We continue to work with colleagues to expand out-of-class programs such as improved wrap-around support, early research experiences, and better cross-campus coordination. Many of these big picture campus elements require buy-in from many stakeholders and are longer-term commitments. However, we can control how we design, structure, and teach our courses focusing on creating equitable learning environments. Structuring our course design helps us deliberately create learning experiences that decreases some barriers for students and are an important step in decreasing inequity in our science courses.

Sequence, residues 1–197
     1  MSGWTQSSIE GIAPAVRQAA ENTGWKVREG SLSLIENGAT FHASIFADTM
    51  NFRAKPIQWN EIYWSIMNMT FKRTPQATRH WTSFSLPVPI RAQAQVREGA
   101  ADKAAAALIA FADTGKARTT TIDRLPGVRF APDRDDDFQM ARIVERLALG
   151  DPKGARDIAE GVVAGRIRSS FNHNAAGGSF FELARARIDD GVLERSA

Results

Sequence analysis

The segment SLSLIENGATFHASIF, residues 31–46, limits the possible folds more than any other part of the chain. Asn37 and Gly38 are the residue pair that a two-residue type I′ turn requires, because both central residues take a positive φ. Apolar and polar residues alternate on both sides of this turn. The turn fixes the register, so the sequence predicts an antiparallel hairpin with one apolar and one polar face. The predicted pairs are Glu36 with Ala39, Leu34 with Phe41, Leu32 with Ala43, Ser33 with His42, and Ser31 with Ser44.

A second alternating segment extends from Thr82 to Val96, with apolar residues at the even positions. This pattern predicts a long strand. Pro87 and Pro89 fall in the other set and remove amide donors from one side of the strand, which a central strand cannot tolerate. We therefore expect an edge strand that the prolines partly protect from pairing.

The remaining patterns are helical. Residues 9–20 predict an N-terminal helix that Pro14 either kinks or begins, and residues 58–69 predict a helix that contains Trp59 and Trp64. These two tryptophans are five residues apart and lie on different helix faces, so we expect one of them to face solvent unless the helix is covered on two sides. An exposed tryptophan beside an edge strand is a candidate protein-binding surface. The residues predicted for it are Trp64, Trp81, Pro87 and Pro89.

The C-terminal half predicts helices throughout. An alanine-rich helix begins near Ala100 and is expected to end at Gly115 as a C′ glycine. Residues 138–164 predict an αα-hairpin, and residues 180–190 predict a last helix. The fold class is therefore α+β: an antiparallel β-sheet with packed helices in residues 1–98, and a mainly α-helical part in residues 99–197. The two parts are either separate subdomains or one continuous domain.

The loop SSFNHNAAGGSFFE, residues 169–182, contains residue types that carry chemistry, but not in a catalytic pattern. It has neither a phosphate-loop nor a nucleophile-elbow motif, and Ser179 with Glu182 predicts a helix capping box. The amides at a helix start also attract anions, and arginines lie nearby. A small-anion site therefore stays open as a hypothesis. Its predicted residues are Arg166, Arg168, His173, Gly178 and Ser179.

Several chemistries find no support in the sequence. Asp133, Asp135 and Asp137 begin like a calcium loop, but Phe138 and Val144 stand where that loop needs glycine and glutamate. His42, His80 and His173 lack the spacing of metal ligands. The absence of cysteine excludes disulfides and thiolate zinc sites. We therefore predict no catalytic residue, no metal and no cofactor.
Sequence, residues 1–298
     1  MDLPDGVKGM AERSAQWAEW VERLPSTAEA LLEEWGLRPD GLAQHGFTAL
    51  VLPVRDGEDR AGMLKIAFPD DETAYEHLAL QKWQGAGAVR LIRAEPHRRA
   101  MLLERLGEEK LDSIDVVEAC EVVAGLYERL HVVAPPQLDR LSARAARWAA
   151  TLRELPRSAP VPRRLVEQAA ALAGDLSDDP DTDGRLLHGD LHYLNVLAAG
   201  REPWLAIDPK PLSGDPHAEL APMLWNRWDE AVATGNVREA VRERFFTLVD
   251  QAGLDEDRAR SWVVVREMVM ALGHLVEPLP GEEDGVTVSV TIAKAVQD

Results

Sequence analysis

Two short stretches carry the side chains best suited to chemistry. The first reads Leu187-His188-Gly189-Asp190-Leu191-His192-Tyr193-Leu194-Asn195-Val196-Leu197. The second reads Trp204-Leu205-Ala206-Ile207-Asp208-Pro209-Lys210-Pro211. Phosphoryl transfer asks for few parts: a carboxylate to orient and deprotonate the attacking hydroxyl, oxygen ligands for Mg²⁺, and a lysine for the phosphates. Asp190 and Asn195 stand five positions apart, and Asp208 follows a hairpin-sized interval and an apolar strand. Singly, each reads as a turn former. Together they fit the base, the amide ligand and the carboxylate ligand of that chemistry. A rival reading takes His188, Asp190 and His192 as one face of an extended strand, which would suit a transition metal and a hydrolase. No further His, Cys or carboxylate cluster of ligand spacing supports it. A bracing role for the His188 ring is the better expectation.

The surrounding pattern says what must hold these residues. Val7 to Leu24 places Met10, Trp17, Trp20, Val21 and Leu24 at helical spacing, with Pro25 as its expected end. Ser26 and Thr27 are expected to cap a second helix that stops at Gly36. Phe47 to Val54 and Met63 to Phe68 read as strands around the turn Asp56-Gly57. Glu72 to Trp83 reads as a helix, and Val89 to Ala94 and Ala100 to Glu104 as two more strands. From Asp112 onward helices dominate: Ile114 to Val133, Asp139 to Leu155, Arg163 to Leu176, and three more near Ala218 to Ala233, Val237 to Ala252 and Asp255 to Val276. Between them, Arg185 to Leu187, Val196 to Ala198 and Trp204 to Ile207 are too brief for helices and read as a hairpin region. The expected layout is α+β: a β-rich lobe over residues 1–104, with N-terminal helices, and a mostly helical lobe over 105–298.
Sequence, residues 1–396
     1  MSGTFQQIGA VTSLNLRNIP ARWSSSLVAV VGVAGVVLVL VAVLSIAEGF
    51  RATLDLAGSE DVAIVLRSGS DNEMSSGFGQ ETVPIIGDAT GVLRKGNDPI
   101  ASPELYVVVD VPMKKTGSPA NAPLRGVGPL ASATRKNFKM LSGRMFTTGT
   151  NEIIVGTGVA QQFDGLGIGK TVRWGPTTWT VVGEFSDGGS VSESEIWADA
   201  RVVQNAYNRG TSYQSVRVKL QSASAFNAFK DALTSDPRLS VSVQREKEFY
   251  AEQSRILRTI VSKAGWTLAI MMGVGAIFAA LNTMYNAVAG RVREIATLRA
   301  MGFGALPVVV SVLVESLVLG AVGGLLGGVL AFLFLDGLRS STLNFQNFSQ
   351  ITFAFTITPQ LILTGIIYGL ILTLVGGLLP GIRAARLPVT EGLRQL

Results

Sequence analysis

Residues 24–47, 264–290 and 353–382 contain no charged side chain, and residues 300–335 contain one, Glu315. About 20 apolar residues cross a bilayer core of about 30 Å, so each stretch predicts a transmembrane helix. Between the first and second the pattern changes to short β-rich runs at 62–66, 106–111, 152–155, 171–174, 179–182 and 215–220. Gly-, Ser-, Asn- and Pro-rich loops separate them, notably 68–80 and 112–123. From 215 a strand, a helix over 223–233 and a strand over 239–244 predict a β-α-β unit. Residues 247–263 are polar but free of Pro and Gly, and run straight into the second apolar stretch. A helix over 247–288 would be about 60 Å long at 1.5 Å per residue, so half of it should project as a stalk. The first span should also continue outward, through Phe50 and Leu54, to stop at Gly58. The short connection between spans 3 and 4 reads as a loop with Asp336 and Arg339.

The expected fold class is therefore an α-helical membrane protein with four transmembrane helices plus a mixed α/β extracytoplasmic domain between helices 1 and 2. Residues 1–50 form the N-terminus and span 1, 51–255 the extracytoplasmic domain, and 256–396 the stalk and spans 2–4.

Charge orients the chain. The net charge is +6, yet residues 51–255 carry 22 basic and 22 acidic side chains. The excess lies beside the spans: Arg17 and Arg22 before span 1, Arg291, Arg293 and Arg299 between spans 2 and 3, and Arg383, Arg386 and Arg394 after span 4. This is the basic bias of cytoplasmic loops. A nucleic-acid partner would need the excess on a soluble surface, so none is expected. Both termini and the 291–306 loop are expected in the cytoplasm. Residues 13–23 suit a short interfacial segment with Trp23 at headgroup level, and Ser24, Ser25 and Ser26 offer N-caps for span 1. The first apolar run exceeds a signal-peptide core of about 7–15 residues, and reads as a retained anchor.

We thank faculty associated with the Science Literacy Program for providing feedback on the model for the elements of structure, and Sierra Dawson for introducing us to the External Brain guided pre-class assignments. We additionally thank our students for inspiring us to continue to improve as educators.